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Self-regulation resources and training to support children’s mental health

Give your children a head start in life

Introduce your baby or toddler to Relaxation 

It’s never too soon to introduce your children to the benefits of relaxation training. We have all heard of mums-to-be playing relaxing music to their babies by putting headphones over their bumps.

And why stop once they are born? There have been several studies to indicate the positive effect of playing music to babies and toddlers, including developing their learning capacity and their emotional intelligence. 

Relax Kids have created the Little Stars CD for babies and toddlers, with soothing music and a selection of familiar nursery rhymes sang by Marneta Viegas, who also interweaves very simple relaxation techniques between each track.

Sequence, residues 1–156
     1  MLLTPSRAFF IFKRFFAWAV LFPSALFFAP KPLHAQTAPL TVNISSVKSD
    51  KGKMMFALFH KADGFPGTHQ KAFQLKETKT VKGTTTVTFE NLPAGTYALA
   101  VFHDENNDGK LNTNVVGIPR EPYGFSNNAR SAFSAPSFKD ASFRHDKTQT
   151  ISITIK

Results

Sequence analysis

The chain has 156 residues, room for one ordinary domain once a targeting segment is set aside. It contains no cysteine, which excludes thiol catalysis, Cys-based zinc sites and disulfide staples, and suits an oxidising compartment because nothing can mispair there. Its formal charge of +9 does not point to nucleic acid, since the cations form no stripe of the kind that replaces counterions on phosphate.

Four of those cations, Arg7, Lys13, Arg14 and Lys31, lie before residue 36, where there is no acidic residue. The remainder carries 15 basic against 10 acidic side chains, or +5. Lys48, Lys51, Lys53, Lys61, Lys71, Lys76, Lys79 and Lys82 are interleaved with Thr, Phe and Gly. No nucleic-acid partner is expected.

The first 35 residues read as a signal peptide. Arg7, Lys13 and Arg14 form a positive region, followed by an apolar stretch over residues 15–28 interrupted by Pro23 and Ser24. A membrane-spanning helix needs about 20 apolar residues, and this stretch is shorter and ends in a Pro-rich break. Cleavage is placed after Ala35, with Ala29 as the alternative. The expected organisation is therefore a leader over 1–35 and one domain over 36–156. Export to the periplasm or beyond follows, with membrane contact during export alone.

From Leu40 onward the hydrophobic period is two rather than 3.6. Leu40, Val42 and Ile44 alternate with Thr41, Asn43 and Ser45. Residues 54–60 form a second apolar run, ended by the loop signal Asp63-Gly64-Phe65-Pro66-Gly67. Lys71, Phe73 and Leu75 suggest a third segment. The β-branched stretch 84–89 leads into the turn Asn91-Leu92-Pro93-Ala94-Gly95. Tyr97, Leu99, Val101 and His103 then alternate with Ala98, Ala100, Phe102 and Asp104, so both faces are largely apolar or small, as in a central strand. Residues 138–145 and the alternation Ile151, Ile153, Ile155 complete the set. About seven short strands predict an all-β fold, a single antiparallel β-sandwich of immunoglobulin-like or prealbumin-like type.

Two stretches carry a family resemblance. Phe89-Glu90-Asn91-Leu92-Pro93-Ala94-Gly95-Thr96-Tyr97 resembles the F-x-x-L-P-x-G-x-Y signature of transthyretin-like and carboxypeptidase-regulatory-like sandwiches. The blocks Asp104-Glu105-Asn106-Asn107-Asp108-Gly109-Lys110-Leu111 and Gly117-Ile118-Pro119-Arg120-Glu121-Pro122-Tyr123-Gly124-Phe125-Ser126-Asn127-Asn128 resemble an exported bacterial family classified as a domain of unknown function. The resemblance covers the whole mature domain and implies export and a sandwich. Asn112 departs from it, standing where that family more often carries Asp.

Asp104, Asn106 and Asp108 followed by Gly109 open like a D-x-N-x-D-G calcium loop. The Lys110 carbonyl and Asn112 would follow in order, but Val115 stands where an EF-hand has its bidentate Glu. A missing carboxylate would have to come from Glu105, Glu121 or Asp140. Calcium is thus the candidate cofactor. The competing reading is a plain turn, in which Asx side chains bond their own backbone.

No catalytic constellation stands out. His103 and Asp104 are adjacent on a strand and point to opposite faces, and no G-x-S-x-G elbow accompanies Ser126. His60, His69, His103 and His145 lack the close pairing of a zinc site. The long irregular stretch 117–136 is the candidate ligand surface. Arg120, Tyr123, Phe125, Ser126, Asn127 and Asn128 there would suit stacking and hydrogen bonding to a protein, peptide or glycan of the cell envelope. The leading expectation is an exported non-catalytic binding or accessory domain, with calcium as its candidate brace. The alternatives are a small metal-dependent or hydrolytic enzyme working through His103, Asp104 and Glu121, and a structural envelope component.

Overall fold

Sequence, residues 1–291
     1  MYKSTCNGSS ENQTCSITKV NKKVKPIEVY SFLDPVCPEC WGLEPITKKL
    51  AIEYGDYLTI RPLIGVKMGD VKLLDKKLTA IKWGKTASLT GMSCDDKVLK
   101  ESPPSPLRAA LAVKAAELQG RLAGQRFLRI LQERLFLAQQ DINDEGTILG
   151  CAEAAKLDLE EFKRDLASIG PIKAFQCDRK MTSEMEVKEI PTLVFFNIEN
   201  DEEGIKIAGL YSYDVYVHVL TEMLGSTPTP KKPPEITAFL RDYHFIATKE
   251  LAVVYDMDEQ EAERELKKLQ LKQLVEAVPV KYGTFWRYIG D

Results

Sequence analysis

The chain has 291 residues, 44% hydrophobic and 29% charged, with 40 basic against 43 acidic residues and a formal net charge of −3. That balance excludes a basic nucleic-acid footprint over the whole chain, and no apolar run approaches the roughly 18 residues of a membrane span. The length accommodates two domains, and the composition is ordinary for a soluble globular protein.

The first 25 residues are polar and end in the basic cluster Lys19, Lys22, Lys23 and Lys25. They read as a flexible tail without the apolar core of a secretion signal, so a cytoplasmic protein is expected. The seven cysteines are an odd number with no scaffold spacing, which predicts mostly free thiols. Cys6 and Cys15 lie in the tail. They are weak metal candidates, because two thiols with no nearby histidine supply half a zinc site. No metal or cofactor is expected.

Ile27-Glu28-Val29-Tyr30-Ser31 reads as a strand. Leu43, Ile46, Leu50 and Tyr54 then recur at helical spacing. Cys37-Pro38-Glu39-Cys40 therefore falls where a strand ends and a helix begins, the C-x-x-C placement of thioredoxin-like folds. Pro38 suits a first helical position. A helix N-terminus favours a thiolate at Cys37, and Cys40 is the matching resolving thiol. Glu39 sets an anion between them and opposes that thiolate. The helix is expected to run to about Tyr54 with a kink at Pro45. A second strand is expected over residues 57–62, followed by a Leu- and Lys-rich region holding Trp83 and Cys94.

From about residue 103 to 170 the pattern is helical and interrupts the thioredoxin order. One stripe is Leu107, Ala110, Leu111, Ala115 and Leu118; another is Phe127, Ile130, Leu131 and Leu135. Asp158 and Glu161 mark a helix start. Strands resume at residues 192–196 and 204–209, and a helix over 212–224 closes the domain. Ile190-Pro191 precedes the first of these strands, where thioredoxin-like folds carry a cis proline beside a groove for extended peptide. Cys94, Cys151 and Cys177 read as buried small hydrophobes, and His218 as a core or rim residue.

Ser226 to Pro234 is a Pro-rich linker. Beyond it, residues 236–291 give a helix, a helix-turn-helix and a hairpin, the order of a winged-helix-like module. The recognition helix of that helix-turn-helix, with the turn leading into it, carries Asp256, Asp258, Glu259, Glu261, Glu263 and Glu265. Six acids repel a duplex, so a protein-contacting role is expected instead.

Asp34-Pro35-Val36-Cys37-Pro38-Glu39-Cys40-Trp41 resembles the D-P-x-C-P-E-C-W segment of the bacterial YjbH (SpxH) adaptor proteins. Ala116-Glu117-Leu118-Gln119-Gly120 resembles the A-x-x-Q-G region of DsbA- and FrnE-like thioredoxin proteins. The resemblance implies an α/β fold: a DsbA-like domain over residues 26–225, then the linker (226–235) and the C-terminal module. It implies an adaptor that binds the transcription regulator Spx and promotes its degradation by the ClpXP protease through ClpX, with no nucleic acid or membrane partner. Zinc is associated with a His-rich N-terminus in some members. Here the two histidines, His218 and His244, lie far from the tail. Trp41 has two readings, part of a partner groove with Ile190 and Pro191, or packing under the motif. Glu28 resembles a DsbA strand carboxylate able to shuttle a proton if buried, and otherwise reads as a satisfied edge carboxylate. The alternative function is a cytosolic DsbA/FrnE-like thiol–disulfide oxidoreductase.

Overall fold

The CD combines the benefits of relaxing music and the benefits of relaxation, with very simple guided relaxation exercises, like & wiggle your toes and & imagine you are a sleeping bunny…

Children can understand language well before they can speak it, so the Little Stars CD is suitable even for very young toddlers and babies. Scientists have found a link between between experiencing positive emotions and heightened cognitive state in children.* Which means, as well as helping children feel relaxed, sleep easily, and feel positive and happy, our Little Stars CD can also help children’s learning development.

This is one mother’s experience of the Little Stars CD

“I’ve been playing this CD to my son before he was born, he is now 8 weeks and it really calms him. He got himself overtired the other night and for hours he was just crying and crying so I tried the cd. I rocked him for a few songs and then when he was quiet I laid him down with it and he was asleep. I would recommend this cd for young babies, I play it every-night before his bedtime now.”

Katt, parent

Purchase the Little Stars CD here- https://relaxkids.com/product/little-stars/

* Amon, K; Campbell, A. ( 2008). Biofeedback and children with AD/HD. <em>Journal of Educational &amp; Developmental Psychology</em>. 8 (1), 72-84 .</strong></p>